LOS ANGELES (CN) — The landmark lawsuit over homelessness in Los Angeles that refuses to go away is still not going away, after a federal judge on Thursday rejected a proposed settlement that would have seen LA County spend an additional $850 million on services and outreach.
U.S. District Judge David Carter said he had "grave concerns" about the deal because it did not include a clause that he previously asked for — direct jurisdiction to enforce the terms of the settlement for the next five years, a clause the city's settlement included.
"You give me absolutely no oversight and no enforcement," Carter told the county. "I have to have accountability to sign off on this. While I may trust you, I don’t know who your successor is."
After the hearing, County Supervisor Janice Hahn said she had wanted to include the judicial oversight clause.
"It was something I tried to convince my colleagues was important," Hahn said. "I could not get them to agree to that component. They prefer to hold ourselves accountable, have the public hold us accountable."
Supervisor Lindsey Horvath, who attended the hearing, along with Hahn and LA City Council President Paul Krekorian, was opposed to handing Carter direct oversight, arguing transparency is more important.
"I agree that accountability is key," said Horvath. "We agreed to public reporting in our meetings. We don’t want this to happen behind closed doors."
Not only did Carter reject the proposed agreement, he removed the stay — meaning litigation between LA Alliance for Human Rights and the county will restart immediately.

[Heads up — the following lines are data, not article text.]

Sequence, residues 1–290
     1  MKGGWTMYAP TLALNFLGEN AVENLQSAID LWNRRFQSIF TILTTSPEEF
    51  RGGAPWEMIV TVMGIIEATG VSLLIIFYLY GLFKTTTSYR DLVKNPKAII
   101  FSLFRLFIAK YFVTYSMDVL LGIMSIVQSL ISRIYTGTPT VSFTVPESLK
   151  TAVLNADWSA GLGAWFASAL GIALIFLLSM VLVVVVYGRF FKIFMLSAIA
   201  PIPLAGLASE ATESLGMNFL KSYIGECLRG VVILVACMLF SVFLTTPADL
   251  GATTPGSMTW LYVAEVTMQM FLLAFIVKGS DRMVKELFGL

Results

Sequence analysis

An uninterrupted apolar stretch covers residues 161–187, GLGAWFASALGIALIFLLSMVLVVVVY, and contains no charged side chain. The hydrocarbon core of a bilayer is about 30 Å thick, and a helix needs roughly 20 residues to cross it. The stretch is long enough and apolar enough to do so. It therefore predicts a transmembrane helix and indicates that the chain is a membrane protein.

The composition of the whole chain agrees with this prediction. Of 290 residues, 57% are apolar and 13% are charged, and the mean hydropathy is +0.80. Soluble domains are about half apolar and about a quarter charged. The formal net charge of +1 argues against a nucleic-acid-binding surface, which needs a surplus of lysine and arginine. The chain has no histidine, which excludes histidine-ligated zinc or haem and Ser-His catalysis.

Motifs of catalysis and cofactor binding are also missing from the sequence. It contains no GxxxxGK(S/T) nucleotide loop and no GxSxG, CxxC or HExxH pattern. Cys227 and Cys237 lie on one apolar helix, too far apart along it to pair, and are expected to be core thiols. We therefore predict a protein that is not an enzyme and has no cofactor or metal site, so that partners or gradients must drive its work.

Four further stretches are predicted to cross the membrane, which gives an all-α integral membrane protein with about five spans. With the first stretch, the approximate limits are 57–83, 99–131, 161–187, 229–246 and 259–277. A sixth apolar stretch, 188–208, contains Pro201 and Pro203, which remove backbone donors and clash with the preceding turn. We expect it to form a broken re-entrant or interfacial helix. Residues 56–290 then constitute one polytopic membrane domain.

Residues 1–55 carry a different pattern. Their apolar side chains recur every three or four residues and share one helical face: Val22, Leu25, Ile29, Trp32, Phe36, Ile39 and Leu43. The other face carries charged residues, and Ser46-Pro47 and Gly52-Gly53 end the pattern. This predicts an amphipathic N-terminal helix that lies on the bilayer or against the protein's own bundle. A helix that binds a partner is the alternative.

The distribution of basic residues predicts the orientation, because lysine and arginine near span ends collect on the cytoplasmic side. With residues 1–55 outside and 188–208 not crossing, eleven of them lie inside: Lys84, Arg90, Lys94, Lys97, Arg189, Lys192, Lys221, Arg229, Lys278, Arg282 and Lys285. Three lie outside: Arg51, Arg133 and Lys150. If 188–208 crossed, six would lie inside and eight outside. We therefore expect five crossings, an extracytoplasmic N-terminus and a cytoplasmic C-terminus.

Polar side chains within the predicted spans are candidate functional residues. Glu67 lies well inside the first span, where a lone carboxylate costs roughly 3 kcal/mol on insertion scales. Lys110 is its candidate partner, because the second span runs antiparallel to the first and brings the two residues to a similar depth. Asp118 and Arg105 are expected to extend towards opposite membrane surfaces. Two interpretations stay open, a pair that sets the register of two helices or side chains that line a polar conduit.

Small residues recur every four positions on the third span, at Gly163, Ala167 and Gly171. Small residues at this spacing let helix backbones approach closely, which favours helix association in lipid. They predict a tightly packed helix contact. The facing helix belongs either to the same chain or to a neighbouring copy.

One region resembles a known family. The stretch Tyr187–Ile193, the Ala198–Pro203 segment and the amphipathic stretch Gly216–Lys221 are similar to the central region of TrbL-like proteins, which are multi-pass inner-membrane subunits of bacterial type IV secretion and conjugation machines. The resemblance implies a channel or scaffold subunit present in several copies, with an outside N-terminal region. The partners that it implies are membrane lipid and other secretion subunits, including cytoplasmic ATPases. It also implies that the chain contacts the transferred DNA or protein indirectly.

LA Alliance for Human Rights, a coalition of downtown residents, businesses and service providers, sued in March 2020 and initially sought a "right to shelter" law. The case made national headlines in 2021 when Carter dropped a bombshell of a ruling, ordering the city and county to house every homeless person living on Skid Row within 180 days. He also ordered the $1 billion the city had earmarked for homeless spending to be frozen. But the Ninth Circuit struck down that order, finding Carter had "impermissibly resorted to independent research and extra-record evidence."
Since then, the case has proceeded in a more subdued fashion with the parties — the city, county and the alliance — meeting with the Judge in a series of closed negotiations. In April 2022, the city of LA unilaterally settled with the alliance, agreeing to build between 14,000 and 16,000 units of housing — either temporary shelter units or permanent housing — within five years, at a cost of between $2.4 billion and $3 billion. That effort, they said, would house 60% of of the city's unhoused population who were not experiencing drug addiction or serious mental illness, a population the city has always contended is the county's responsibility to care for.
It was hardly the dramatic, game-changing outcome Carter and the plaintiffs had once sought. But it signaled a shift toward an emphasis on emergency shelters rather than on permanent supportive housing. LA's new mayor, Karen Bass, has continued to focus on getting people off the street and into temporary housing, and has pledged to shelter or house 17,000 people during her first year in office.
In September 2022, the county reached an agreement with the alliance in which it offered to spend an additional $236 million over the next five years on increased services and outreach, and to pay for an additional 300 beds for homeless people struggling with addiction or mental illness. Carter rejected the proposal, saying, "I believe we can do better."
The latest agreement, announced Wednesday, included a pledge to spend an additional $850.5 million on services, outreach and interim housing, including 1,000 new beds for homeless people experiencing drug addiction and mental illness, and subsidies for 450 board and care beds, which are managed privately.